Google Strikes Again! Why Your Links Are Now Worthless

By Margo Little

It is no secret that Google shifted from content based ranking to link based several years ago. The way most people discovered this was by seeing their pages disappear from top ten placements overnight. Unfortunately that same lesson is being re-taught today as Google shifts from an “all link” model of determining popularity to one of “inbound only.”

It should not come as a big surprise. It’s been happening slowly for the past year or so but is now in overdrive. Pages that have dominated top spots for years are suddenly disappearing without a trace and linking is the key. In short, reciprocal links no longer count as they once did. Google expects to see one way inbound links in its top ranked sites. The reason apparently being that worthy sites can attract links without having to reciprocate.

Talk about a popularity contest! It reminds me of junior high school on Valentines Day where the most popular students would be buried in cards while sending out only a few of their own. Google even refers to inbound links as a form of “votes.”

So how does Google judge the value of inbound links? Let’s just say a nod from the prom king or queen is a lot more desirable than one from the kid who had to escort his first cousin to the last school dance due to lack of options. But even still, every vote counts even if just a little.

I agree that it is sad and unfair that quality of content counts for so little but Google, perhaps naively, believes the links (or votes) will go to the most deserving sites naturally. I can’t change Google’s mind, but I can help you crack Google’s link value code. Just follow these simple steps.

First: Know your link targets. You want pages whose topics relate to your topic and with the highest PR possible.

Note: PR refers to Google PageRank which is a value assigned to the page on a scale of 1 to 10. Pages begin at 0 and earn PR points for various reasons. There are plenty of ones and twos but anything above three gets scarcer and more valuable. You can easily find a page’s PageRank by using the Google Toolbar available at

Second: Forget about just linking to the home page. Google now prefers deep links so make the majority of your links go to pages at least one level deep below the home page. And be sure that page is named after its main keyword, such as “main-keyword.htm” or “main-keyword.htm.”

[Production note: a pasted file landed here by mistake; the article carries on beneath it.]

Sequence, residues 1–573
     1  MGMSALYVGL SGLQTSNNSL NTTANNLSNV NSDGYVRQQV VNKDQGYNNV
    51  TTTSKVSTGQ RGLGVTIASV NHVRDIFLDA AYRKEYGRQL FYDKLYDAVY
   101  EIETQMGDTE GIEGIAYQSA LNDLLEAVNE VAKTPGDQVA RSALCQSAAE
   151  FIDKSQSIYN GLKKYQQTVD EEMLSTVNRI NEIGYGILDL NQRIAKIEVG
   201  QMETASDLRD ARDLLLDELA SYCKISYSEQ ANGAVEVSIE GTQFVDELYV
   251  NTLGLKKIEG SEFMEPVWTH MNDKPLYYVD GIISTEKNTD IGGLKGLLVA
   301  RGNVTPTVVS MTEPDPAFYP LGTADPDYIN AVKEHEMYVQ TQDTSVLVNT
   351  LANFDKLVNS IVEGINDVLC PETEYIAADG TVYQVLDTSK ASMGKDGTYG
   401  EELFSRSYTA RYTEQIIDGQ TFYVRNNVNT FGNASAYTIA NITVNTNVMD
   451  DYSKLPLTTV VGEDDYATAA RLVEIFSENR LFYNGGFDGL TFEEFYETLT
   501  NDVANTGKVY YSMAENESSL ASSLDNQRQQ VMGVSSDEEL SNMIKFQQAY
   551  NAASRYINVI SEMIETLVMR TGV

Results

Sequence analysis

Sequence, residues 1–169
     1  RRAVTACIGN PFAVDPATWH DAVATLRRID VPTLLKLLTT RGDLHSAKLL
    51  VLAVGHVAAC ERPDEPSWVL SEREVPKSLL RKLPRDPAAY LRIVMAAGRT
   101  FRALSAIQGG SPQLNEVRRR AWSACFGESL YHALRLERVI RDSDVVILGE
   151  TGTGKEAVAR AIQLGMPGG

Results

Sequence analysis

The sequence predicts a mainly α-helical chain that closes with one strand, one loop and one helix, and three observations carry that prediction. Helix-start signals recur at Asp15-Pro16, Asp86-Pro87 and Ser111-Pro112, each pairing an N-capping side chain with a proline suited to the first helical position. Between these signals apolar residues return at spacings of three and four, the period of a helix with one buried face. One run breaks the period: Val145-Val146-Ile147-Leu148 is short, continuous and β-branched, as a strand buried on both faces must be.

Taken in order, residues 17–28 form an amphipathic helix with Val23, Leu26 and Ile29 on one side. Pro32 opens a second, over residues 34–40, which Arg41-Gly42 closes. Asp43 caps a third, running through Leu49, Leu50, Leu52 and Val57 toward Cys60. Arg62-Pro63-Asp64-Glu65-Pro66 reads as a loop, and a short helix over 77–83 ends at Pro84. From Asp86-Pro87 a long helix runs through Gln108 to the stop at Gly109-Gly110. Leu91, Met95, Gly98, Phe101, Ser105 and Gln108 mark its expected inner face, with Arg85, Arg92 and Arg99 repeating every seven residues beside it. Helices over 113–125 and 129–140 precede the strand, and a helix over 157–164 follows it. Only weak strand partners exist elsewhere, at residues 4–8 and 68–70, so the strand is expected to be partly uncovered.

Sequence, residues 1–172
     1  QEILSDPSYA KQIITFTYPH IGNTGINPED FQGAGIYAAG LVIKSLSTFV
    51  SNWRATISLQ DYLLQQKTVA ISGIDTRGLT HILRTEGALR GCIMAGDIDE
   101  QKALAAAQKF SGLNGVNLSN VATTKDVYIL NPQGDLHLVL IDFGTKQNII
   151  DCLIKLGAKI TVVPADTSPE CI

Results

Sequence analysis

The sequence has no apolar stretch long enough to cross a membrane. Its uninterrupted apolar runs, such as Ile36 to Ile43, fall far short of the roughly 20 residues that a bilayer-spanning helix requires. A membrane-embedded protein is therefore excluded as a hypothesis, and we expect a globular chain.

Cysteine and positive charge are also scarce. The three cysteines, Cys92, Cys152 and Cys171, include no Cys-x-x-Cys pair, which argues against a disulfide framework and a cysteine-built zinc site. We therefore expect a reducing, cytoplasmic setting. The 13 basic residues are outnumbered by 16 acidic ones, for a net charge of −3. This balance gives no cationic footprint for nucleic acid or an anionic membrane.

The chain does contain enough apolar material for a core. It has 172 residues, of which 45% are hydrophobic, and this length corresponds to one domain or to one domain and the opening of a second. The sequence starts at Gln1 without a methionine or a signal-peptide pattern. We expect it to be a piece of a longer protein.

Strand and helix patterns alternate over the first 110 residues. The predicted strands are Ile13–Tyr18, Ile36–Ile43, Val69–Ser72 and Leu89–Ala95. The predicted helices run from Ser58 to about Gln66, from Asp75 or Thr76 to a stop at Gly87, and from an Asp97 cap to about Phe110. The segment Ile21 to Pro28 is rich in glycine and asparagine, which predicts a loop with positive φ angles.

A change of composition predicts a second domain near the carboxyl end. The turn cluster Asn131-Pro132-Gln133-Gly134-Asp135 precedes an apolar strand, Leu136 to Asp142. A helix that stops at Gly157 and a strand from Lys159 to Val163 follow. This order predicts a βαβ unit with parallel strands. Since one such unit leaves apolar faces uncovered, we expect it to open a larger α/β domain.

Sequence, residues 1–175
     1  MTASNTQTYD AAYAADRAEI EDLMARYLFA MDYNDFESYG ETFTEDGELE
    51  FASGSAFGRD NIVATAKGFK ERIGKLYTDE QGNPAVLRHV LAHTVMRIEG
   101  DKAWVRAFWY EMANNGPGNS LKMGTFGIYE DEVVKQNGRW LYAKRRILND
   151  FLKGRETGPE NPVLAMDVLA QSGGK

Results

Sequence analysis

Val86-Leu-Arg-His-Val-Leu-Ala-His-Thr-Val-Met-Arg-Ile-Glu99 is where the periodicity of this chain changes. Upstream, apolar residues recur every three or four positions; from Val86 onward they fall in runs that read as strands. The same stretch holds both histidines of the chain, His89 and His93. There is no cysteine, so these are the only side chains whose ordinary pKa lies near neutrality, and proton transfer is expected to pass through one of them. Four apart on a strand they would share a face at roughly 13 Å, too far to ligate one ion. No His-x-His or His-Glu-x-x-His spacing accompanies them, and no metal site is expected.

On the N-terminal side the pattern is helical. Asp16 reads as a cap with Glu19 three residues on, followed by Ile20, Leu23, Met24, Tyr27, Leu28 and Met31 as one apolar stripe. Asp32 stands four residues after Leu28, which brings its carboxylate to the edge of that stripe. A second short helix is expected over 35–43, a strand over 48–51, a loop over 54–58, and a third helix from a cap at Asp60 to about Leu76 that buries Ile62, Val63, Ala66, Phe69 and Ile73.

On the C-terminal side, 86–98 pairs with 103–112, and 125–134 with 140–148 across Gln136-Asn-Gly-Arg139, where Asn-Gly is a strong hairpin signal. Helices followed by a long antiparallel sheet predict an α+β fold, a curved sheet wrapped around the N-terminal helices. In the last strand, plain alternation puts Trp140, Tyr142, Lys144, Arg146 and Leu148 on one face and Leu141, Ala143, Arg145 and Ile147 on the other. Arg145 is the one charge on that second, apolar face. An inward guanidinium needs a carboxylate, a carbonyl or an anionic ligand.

Third: Make sure the pages you are linking to, link back to your home page by using their main keyword as anchor text.

Note: Anchor text is simply a clickable text link. It is usually a different color; such as blue and underlined to show it is a link. You want your main keyword to be a clickable link leading from the topic page to the home page.

Fourth: Be sure the inbound links you build consist of your main keywords embedded in anchor text.

Recap: So if “online business services” was the main keyword the words “online business services” would be embedded as anchor text leading to a page called “online-business-services.htm” and that page would in turn link to the home page using “online business services” as its anchor text link.

Fifth: Google scans not only the area immediately surrounding the anchor text but also the whole page of text around it. It will be looking for consistency of topic throughout the page so be sure your link is coming from a page closely related to the topic of the keyword you are targeting.

Note: This last part is crucial because if you can control what is on the page you get links from, you can rocket to the top of Google. This can be done through blog postings, article publishing and even simple directory submission. If you are in a hurry, try a pre-packaged solution that removes the guesswork. I use a combo training and automated software system called “Link A Minute” ( that does the trick for me. There are good ones out there so hunt around and find one you like. Just do not try any link farms if you value any future placement on Google.

Follow these tips and you can steal a top spot on Google in no time.

Margo Little is a successful SEO marketing consultant who got her start in 1997. Today benefits from her knowledge. From finding a killer suite to a simple keyword tool, she can help.
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